Affordable Care Act

Hospital District Bursting At The Seams

A new study of patient demand in Harris County has found that the hospital district is bursting at the seams. Despite opening six new clinics in the past five years, the public health system can't keep up.


At the Martin Luther King Jr. Health Center on the south side, patients can buy fresh fruits and vegetables at a weekly farmer’s market. They can fill a prescription, see a podiatrist, and get new eyeglasses.

But what they can’t always get is a doctor’s appointment.

“There’s no way possible that the doctors can see anymore than they can see.”

Carolyn Bell is the center’s director.

“They’re over-booked, over-capacity, over-worked. So, what we do — we screen and we treat the most acute.”

Surveys have repeatedly shown that a third of adults in Harris County have no health insurance. For most of them, the Hospital District is the medical safety net

The District is partially funded by property taxes, and includes three hospitals, 44 clinics and a dialysis center. Still, it’s not nearly enough.

Dr. Robert Trenschel is in charge of the clinics.

“It’s like pouring 20 ounces of water into a 16-ounce glass. There’s just huge demand, and there’s not enough capacity currently to accommodate that demand.”

For example, every day more than 300 people call the District, but are unable get an appointment with a primary care doctor.

Even returning patients have trouble. Monica Smith sees a doctor regularly for her diabetes and high blood pressure.

“Sometimes you have to wait a long time to get an appointment with him. Because he has so many patients.  That’s just how it is.”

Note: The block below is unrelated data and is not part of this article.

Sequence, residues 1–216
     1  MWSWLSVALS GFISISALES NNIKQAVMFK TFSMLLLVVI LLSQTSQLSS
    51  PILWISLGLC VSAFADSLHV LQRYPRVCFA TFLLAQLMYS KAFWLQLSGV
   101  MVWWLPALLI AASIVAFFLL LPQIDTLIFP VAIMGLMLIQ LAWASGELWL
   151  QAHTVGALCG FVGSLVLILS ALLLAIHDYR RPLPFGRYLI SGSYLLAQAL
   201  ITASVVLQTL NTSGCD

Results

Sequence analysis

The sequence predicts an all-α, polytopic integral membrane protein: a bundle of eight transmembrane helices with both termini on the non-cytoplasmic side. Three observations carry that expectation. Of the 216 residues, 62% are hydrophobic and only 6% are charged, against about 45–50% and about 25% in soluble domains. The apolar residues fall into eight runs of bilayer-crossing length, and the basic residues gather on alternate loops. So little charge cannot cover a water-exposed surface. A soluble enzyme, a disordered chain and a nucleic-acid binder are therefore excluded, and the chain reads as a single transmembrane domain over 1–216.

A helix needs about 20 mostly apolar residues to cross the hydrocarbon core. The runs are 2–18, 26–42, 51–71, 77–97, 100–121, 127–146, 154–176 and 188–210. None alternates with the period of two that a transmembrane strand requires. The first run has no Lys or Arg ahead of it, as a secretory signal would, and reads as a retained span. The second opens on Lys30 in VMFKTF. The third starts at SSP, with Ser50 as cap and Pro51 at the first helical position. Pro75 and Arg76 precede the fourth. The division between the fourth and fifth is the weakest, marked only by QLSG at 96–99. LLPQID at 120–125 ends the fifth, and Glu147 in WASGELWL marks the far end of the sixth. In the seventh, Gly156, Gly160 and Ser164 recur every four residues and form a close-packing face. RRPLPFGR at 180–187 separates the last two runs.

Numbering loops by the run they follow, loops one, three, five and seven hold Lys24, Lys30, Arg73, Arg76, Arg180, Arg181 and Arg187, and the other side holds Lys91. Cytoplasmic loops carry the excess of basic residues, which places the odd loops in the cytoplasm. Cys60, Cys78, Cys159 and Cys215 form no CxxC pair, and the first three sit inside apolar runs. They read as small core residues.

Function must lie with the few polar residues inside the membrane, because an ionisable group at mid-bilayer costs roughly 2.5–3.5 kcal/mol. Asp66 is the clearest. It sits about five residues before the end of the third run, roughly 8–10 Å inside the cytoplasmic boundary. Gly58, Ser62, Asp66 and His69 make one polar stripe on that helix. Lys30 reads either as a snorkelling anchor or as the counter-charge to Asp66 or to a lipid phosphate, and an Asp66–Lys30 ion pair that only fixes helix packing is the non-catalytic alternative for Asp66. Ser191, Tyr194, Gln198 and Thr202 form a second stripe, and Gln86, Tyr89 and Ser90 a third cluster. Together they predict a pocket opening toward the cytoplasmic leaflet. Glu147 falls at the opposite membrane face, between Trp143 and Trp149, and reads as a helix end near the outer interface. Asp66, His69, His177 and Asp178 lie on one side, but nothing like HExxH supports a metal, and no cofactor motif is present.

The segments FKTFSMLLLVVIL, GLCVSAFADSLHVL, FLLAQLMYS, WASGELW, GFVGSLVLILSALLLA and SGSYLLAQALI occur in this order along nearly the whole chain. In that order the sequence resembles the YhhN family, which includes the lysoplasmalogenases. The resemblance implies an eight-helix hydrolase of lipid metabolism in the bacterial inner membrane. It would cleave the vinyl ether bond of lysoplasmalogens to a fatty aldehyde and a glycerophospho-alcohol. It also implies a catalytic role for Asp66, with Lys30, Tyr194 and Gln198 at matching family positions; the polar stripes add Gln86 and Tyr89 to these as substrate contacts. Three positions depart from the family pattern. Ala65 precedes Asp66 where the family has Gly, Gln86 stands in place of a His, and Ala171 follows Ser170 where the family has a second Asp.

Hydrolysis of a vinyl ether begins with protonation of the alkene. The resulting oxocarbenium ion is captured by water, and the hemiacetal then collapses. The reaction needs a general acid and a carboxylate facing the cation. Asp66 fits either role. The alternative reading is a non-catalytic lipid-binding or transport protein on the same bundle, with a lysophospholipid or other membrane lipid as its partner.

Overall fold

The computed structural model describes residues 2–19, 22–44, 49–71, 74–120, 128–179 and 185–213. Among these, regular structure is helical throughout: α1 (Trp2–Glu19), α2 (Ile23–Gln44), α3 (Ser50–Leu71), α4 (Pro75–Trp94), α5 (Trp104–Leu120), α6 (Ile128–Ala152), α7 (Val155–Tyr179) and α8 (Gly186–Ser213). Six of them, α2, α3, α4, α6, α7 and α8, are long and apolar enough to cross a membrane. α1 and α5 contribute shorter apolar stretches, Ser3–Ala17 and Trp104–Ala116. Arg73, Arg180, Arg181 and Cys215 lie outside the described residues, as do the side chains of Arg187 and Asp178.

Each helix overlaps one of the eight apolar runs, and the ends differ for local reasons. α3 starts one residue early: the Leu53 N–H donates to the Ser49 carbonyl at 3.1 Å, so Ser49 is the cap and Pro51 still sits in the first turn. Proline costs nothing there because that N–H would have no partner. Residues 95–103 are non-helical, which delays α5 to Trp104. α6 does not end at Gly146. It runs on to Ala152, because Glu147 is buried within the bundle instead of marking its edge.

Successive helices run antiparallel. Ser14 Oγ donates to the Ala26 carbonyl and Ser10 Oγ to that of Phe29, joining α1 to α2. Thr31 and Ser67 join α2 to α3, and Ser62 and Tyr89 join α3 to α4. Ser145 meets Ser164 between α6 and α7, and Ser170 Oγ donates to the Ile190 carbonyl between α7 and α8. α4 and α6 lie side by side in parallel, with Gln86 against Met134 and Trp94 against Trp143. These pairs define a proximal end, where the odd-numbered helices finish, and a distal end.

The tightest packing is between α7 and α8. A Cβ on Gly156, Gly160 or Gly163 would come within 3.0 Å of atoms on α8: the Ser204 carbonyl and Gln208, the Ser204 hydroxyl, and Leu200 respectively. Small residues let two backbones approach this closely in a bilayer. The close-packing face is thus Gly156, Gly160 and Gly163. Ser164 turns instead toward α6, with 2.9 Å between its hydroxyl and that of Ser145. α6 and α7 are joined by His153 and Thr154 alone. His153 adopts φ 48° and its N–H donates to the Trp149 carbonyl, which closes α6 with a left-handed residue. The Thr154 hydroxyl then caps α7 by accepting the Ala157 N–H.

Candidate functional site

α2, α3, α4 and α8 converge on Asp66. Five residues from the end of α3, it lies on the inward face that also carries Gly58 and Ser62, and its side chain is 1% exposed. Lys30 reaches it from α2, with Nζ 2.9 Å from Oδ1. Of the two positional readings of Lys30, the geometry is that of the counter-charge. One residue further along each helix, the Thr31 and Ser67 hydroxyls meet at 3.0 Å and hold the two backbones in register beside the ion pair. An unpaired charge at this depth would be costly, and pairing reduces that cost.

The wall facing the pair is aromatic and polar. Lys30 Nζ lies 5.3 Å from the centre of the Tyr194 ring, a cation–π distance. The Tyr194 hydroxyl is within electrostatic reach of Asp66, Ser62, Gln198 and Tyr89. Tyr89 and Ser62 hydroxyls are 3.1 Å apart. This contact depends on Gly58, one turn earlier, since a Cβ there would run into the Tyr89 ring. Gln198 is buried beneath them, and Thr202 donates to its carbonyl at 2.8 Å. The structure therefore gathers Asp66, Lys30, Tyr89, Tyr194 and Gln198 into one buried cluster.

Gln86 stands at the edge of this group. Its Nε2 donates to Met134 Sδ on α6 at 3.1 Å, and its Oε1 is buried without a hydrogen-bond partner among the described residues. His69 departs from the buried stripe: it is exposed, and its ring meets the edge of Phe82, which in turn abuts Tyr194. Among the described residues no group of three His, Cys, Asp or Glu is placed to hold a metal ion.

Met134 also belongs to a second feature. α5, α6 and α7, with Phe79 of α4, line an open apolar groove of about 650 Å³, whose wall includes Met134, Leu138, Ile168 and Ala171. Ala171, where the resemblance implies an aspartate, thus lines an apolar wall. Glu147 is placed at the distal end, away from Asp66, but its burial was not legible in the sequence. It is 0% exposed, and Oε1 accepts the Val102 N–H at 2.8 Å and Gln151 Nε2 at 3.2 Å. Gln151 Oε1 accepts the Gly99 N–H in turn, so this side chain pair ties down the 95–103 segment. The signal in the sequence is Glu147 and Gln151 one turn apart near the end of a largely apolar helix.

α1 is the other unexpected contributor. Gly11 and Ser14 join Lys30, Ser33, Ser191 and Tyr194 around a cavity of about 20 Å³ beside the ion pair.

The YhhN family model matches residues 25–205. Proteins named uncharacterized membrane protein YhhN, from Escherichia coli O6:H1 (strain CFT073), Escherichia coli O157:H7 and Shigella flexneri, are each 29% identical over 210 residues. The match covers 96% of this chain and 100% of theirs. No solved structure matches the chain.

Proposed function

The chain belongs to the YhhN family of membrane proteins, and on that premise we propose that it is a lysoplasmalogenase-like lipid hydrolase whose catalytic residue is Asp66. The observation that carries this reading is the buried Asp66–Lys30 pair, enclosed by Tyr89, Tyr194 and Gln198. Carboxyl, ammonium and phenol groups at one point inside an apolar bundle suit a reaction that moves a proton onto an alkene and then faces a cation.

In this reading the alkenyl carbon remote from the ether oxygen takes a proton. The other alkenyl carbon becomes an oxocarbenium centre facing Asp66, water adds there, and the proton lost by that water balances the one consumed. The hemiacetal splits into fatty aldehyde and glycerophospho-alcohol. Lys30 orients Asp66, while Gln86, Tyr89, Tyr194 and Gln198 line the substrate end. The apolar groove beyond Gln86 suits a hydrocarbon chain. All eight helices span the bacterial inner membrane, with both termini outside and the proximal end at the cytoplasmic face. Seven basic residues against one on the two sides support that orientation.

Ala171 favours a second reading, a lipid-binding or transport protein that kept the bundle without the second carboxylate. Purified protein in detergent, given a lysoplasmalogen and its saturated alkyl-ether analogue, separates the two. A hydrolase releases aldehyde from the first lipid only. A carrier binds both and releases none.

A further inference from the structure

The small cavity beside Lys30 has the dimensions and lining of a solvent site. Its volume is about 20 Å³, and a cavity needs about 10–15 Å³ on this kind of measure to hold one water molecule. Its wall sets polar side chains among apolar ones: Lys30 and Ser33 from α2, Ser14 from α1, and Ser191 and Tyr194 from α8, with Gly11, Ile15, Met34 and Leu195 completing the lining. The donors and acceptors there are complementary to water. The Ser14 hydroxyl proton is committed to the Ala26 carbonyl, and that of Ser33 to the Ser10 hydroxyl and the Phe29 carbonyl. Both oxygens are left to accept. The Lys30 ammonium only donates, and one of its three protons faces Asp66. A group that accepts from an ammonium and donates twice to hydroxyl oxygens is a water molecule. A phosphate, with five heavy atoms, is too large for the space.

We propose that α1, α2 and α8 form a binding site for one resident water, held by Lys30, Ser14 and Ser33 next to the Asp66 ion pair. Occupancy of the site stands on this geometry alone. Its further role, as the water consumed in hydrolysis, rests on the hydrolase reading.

This is the first time the Hospital District has been able to quantify the extent of the problem. Dr. Trenschel did it by culling data from the system’s electronic medical records. He found that most doctors in the District have a heavier patient load than medical groups recommend. And that’s not counting what happens in 2014, when the Affordable Care Act, the new health care law, goes fully into effect.

“This is just where we are right now. As new patients get insurance, as new patients are able to access the system, there’s this concept called pent-up demand so when patients finally get insurance, then the demands on the system really become exponential.”

But Trenschel says that just to meet current demand, the District would need to hire dozens of new doctors, nurses and assistants.

From the KUHF Health and Science Desk, I’m Carrie Feibel.


Florian Martin

Florian Martin

Business Reporter

Florian Martin is currently the News 88.7 business reporter. Florian’s stories can frequently be heard on other public radio stations throughout Texas and on NPR nationwide. Some of them have earned him awards from Texas AP Broadcasters and the Houston Press Club. Florian is a native of Germany. His studies...

More Information